Border Town Days community get-together

A few years after Maurice Smith graduated from Farwell High School, some people from his Texas town and the neighboring New Mexico town of Texico decided they'd have a weekend get-together.

CNJ staff photo: Kevin Wilson

Farwell City Park hosted the 46th running of Border Town Days Saturday, a celebration between Farwell and Texico, which are divided by the Texas-New Mexico border.

Smith, a 1962 graduate of FHS, skipped a few of the small gatherings in his early years, as he was active in softball tournaments. He's moved on from softball, but Saturday showed plenty of evidence the towns haven't moved away from their neighborly event.

"It's just a get-together, see people you haven't seen in a while," Smith said, after finishing a hamburger and talking to some of the 50-plus people he'd briefly caught up with so far that morning. "I like it."

Hundreds filled Farwell's City Park Saturday, following a parade that, thanks to dozens of entrants and a time zone change at the Texas-New Mexico border, started at about 10 a.m. in Texico and ended just before noon in Farwell.

"The parade wasn't the biggest we've had, but it was really close," said Mike Pomper, chairman of the Border Town Days committee. "However, it was the biggest bike competition we've had. We had a ton of kids dress up their bikes."

Groups formed and disbanded to become other groups throughout the event, with topics ranging from ongoing rock-paper-scissors games to how college educations, careers and family were doing.

The event was enjoyable for some out-of-towners as well. Lindsey Brown and Mark Rothschild were visiting family in Bovina, and Rothschild had a cousin with the Farwell cheerleading squad — which was selling FHS flip-flops among its many fundraising activities.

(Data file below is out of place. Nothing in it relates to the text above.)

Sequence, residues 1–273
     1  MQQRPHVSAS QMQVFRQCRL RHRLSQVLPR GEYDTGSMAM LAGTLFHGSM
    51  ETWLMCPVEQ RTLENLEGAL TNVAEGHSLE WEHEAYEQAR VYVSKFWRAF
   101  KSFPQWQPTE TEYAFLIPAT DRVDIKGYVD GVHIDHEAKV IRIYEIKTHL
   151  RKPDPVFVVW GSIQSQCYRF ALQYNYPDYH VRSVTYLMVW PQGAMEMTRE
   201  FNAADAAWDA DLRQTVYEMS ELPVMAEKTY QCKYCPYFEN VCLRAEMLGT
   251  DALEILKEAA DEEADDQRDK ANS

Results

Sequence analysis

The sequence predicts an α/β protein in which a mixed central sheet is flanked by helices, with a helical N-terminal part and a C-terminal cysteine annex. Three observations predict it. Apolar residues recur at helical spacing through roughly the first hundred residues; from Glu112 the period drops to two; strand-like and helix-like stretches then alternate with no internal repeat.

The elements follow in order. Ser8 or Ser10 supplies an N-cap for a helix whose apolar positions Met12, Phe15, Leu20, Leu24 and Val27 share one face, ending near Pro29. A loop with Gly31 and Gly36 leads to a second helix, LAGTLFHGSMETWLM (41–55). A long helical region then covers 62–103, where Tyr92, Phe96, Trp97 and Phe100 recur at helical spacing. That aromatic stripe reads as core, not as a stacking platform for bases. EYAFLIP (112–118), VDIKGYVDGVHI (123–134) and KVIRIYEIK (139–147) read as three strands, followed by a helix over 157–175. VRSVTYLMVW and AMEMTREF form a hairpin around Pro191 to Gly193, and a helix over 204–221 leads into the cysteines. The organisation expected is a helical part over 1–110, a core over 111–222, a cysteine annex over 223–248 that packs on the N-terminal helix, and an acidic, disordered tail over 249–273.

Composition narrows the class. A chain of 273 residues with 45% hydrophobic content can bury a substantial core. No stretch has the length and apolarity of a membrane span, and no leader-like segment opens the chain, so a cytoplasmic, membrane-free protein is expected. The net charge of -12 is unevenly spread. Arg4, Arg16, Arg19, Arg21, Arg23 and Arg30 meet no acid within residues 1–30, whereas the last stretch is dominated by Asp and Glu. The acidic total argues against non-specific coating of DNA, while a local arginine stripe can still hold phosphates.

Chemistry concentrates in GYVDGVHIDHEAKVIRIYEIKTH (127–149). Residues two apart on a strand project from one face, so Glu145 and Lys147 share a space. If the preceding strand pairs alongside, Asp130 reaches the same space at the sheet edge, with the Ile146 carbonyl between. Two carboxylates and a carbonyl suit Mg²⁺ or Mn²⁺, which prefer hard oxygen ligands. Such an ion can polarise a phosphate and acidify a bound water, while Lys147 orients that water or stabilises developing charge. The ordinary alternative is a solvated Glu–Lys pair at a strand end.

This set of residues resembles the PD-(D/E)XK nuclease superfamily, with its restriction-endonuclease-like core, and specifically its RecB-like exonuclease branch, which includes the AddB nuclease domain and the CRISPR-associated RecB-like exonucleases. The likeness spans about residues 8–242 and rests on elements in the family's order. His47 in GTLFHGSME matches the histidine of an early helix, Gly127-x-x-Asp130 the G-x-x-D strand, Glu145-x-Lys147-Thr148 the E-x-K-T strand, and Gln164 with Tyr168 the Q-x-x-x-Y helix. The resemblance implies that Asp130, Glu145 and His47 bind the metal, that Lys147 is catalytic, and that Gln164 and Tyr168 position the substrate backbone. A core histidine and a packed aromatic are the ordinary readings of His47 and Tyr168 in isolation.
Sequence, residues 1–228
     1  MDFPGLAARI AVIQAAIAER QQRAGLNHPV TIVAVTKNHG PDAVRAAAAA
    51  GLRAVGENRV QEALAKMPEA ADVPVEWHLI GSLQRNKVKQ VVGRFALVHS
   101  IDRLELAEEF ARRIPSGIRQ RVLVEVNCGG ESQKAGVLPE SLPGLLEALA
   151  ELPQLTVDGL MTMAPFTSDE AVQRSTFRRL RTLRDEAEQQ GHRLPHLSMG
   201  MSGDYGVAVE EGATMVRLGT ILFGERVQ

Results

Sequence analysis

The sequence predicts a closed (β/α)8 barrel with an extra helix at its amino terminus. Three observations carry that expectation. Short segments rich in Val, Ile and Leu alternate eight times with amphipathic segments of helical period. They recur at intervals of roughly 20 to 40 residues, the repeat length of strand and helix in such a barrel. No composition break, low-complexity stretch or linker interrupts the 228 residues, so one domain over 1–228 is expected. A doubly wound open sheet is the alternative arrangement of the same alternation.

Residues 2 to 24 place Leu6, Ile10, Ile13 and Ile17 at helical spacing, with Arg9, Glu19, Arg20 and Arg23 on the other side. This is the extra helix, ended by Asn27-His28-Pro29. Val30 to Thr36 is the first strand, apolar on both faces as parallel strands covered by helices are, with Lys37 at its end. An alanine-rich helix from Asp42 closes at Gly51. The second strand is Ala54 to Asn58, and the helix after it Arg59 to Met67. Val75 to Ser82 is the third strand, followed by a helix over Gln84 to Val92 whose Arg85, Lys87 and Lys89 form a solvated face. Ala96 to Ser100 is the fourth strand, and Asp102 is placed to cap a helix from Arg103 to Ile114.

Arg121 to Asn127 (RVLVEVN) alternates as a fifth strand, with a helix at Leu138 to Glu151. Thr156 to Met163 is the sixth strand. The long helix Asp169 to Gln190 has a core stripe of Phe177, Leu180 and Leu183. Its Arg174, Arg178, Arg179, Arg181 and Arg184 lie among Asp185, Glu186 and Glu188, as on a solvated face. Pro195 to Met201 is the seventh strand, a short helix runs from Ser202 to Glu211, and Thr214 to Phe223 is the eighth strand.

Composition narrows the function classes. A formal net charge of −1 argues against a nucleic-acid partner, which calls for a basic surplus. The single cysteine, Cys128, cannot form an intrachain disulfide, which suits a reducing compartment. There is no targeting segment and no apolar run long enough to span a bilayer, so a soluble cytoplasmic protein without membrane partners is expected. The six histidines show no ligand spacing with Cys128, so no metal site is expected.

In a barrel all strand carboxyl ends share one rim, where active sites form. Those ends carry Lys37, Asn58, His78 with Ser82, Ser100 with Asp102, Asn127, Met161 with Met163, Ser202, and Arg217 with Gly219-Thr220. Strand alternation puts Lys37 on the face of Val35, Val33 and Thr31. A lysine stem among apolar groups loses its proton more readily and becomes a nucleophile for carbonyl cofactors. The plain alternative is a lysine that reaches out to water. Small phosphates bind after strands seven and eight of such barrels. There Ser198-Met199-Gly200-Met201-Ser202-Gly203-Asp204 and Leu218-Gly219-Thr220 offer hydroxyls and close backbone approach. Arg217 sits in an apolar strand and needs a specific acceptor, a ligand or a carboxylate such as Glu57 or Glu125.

"We're having a lot of fun, this is great," Rothschild said.

Brown said the crowd size was impressive, as was the general mood that it wasn't a forced event.

"I really notice all of the people," Brown said. "It seems very friendly around here."

Pomper said that while the occasional out-of-town resident will make their way in, the population is 90 to 95 percent current and former residents of the border towns that sit down in the park, talk to each other, play some games and maybe have a meal. All food sold at the event, Pomper said, goes to a local non-profit organization.

When asked what her favorite part of the day was, Texico freshman-to-be Sierra Oliveira said, "It's being able to see everyone, being with your family and your friends."

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